SEC’s Gensler Focuses on Fixed Income Reform
Gary Gensler, chair of the US Securities and Exchange Commission, said the US regulator needs to focus on reforming fixed income markets as they become increasingly electronic, which has implications for financial stability.
Gensler said the $50 trillion-plus US fixed income markets are larger than the $23 trillion equity market. In addition, the non-Treasury fixed income markets are close to $30 trillion, or more than 2.5 times larger than commercial bank lending.
“In America, we turn more to the bond market than to banks,” he added. “Given the size and importance of these markets, it’s worth asking how we can modernize our rules for today’s economy and technologies, so these markets can be as fair as possible for investors and as efficient as possible for issuers of all types.”
He gave his speech, The Name’s Bond, at the City & Financial Global’s City Week 2022 conference in London which is marking the 60th anniversary of the first James Bond film this year.
Gensler highlighted that trading in fixed income markets is becoming increasingly electronic, which has been accelerated by the Covid 19 pandemic and that ownership has been shifting to registered investment companies and mutual funds.
“This shift raises challenges for financial resiliency,” he added. “Given these trends and the sheer size and importance of fixed income markets, I think we should focus on how we can make improvements.”
The SEC wants to improve transparency and enhance resiliency. More post-trade transparency would mean making the details of individual transactions, such as price and the spread to the underlying markets, available in real-time or near real-time to when the trade is executed.
“Post-trade transparency promotes liquidity and helps investors and issuers,” said Gensler. “As Adam Smith noted inThe Wealth of Nations more than 200 years ago, the whole economy benefits when the price of information is lowered, or information is free.”
He continued that academic researchers have overwhelmingly shown that post-trade transparency improves efficiency and competition in markets.
“The information reported to these systems, though, has not kept pace with changes in our markets and with technological advances,” said Gensler.
One area he highlighted is that fixed income trades must currently be reported as soon as practicable, but no later than 15 minutes after execution. He asked: “Why couldn’t the outer bound be shortened to no later than, for example, 1 minute?”
Another improvement could be to add foreign sovereign bonds into Trace, the US bond reporting system.
“The European Union debt crisis and, more recently, Russia’s invasion of Ukraine have shown the value that regulatory reporting and public dissemination of foreign sovereign bond pricing would offer,” he added. “Finra has already consulted its members on this possibility so I hope to see a filing soon.”
Gensler said it may also be time for Finra to consider allowing the public to see reported Trace details of individual Treasury transactions.
“Once more major firms have reporting requirements — the banks and potentially principal trading firms in the future — I think it could make sense to disseminate this information to the public,” he added. “Public dissemination of Treasury trade data could help enhance counterparty risk management and the evaluation of trade execution quality. It also could expand the provision of liquidity.”
Two other possible improvements might be reporting on the trading protocol and platform fees paid to do a trade, and the spread relative to Treasuries, when that is the agreed-upon term of trade. “Finally, as part of the overall effort to improve post-trade transparency on Trace, I think it would be helpful for Finra to consider codifying their existing dissemination protocols,” said Gensler.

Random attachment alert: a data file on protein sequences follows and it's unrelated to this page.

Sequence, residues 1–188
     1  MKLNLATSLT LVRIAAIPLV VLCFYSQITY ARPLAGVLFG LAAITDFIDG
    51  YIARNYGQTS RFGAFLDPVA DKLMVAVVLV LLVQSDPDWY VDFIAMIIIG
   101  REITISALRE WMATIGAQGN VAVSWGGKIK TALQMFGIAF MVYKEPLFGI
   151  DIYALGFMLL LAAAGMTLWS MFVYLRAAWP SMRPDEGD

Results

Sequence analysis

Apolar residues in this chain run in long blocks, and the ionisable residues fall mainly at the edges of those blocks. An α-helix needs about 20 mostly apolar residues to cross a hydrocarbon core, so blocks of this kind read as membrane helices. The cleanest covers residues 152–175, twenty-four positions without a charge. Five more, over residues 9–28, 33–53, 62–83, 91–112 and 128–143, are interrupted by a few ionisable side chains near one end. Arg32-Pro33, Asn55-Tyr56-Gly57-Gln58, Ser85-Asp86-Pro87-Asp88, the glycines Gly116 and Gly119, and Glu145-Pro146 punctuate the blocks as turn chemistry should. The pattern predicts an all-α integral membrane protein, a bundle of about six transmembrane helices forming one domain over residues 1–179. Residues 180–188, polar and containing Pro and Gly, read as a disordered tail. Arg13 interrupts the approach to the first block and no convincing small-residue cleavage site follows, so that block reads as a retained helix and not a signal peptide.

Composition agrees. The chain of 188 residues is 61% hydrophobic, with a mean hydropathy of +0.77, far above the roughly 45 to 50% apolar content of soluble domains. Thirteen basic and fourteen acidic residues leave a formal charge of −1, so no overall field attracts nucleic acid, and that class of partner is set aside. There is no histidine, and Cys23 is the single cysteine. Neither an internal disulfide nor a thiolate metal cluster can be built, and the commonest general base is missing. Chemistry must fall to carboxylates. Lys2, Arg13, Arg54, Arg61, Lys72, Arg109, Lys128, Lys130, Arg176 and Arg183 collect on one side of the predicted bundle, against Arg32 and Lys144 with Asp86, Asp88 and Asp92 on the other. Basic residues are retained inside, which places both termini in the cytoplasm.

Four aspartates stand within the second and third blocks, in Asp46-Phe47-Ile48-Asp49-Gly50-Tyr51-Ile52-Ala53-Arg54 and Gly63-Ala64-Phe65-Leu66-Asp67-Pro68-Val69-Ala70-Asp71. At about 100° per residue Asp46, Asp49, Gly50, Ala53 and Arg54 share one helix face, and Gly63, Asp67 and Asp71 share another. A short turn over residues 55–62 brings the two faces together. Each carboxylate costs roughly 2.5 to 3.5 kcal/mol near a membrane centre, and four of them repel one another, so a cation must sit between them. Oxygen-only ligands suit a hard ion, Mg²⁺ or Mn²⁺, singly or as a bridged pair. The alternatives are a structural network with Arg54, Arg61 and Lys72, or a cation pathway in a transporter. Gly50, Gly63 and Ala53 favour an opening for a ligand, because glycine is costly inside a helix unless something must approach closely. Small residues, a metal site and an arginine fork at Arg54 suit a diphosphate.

In addition Gensler thinks it is important to consider revising SEC rules to reflect the increased use of fixed income electronic trading platforms.
“I have asked SEC staff to consider how we might enhance market integrity, access, and pre-trade transparency,” he added.
In January the SEC proposed a new definition of an exchange that would cover fixed income platforms and staff are considering ways to promote fair access so benefits of these systems are more widely available to investors.
“Many SEC Commissioners over the years have identified pre-trade transparency on platforms as a key area of possible improvement in the fixed income markets,” he added .
Gensler continued that the 2008 global financial crisis showed that fixed income markets, such as mortgage-backed securities, have broader implications for the financial sector and the real economy. In addition, the start of the Covid crisis also raised issues of financial stability as there were significant investor outflows in March 2020 and there were challenges trading US Treasuries.
“We are in the midst of uncertain geopolitical trends and central banks are starting to transition from an accommodative to a tightening policy stance,” he added. “We don’t want markets to be exciting for the wrong reasons.”
The SEC has a number of ongoing resiliency projects related to fixed income markets. For example, the regulator recently voted to propose amendments to rules governing money market funds to enhance their resiliency in short-term funding markets.
“In addition, I’ve asked staff for recommendations around strengthening central clearing of Treasuries for both cash and repps,” he added. “This could include sponsored clearing, enhanced risk management at clearing houses and broadening the scope of central clearing.”
In March the SEC proposed that proprietary trading firms and others that engage in certain liquidity providing activities register with the regulator as dealers.
In addition, the SEC has proposed shortening the settlement cycles for securities from T+2 to T+1 and this will apply to many fixed income markets, as well as equities.